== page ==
But folk who can take those half-dozen taut strings and do something useful seem to be getting few and far between.

Shifting takes care the boxy resonance of the wooden guitar body is explored as deeply as the shiny metal strings, caustic amplification and decaying effect pedals have making this a full-spectrum experience.

Charlie marries the flinty pluck of a Derek Bailey with the full-throated huxx of a Bridget Hayden in ‘Erasing Angels’ storing energy in dark coils for the bulk of the track to release them in a boiling blur.

‘Ah Moses’ is as fresh as the scrunch of newly fallen snow, pure and blank but with an eye-squinting brightness.   This winter theme is continued in ‘Honeycomb’ a brittle icicle drip and suspicious yellow puddles.

The bowed pieces, ‘Mannering’ being one vital example builds in tremulous clouds.  Think a quivering sample of acrid fog being sucked backwards into a test tube and firmly bunged.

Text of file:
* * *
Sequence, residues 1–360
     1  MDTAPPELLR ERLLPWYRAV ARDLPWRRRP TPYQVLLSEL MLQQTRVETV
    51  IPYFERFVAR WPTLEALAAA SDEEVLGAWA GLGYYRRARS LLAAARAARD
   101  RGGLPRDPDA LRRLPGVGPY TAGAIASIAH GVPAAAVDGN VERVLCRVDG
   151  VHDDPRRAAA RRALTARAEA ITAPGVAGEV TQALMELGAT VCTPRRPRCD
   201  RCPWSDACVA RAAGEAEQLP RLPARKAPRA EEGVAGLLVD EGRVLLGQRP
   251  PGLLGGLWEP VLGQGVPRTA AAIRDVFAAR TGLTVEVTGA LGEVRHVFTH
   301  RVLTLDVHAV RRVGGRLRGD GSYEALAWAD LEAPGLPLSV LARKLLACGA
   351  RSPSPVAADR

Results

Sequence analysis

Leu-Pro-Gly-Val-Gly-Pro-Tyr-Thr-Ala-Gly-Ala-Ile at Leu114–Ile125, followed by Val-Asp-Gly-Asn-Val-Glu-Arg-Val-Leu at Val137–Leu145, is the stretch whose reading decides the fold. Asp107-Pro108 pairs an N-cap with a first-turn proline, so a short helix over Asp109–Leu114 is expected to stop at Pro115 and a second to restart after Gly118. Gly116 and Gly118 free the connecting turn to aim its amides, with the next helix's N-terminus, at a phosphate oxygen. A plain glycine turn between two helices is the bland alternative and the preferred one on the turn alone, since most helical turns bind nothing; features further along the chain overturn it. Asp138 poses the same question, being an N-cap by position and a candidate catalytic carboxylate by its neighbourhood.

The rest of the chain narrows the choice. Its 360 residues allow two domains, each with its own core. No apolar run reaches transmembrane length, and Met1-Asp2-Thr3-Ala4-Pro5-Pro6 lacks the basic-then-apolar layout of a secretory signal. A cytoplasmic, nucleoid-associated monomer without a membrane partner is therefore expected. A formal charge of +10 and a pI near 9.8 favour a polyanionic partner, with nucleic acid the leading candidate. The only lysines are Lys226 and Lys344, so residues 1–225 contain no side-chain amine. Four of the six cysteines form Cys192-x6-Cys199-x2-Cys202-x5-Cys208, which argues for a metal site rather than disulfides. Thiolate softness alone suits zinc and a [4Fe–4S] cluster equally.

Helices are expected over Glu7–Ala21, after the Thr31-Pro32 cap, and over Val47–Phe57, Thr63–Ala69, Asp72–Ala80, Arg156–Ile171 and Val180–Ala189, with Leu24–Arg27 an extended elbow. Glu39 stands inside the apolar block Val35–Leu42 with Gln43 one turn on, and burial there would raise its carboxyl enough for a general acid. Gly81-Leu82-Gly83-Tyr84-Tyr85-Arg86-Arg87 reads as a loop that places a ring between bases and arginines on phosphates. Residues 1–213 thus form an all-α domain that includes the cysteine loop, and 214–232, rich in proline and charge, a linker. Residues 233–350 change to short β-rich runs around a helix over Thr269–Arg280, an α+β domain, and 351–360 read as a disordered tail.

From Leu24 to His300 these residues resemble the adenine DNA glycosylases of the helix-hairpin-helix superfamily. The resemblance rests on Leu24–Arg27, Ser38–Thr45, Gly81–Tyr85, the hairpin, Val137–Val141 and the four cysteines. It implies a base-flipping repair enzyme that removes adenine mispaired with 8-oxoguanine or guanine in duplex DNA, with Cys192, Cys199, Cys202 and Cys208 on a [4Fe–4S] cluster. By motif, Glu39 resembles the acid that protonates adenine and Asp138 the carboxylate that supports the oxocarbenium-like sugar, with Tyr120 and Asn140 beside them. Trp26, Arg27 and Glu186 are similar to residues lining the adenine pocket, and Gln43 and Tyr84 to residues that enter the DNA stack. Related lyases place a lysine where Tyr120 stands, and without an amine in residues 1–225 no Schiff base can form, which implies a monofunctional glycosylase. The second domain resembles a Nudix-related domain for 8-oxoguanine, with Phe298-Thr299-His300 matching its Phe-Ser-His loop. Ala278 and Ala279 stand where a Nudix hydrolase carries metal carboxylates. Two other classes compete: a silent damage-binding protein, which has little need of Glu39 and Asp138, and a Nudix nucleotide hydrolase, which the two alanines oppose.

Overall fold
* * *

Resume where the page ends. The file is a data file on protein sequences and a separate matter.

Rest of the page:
Majestic closer ‘Daisy Chain Burns’ straddles the burnt-out corpse of Dead C with the busy, rolling fx-damage of fellow New Zealander Peter Wright.  Bubbling like a porridge pot; small geysers erupt with yeasty burps while the milk rushes up the side of the pan smelling like new babies.

Psykick Dancehall

Knives / Red Guard

Soft Error

Charlie Ulyatt Bandcamp

-ooOOoo-

you thought festival season was over. you wrong! sheffield’s singing knives present a host of hot lickin’ cockles.

November 27, 2017 at 8:06 pm | Posted in live music, new music, no audience underground | Leave a comment
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F.Ampism

Dylan Nyoukis & Kieron Pirecy

Sippy Cup

Giblet Gusset

Historically Fucked

Katz Mulk

Posset

Acrid Lactations & Jointhee

Luke Poot & Duncan Harrison

Beards and gals at a loose end on Saturday 2nd December are invited to hop the train, hitch a lift or bundle into a rusty van to attend Singing Knives clumper clam-bake of monumental proportions.

A batch of RFM favourites huddle together in a haughty scout hut to honk and bray their way through a mist of all day-drinking and goon-hatching.

Where?   Regather, Sheffield, 57-59 Club Garden Road, S11 8BR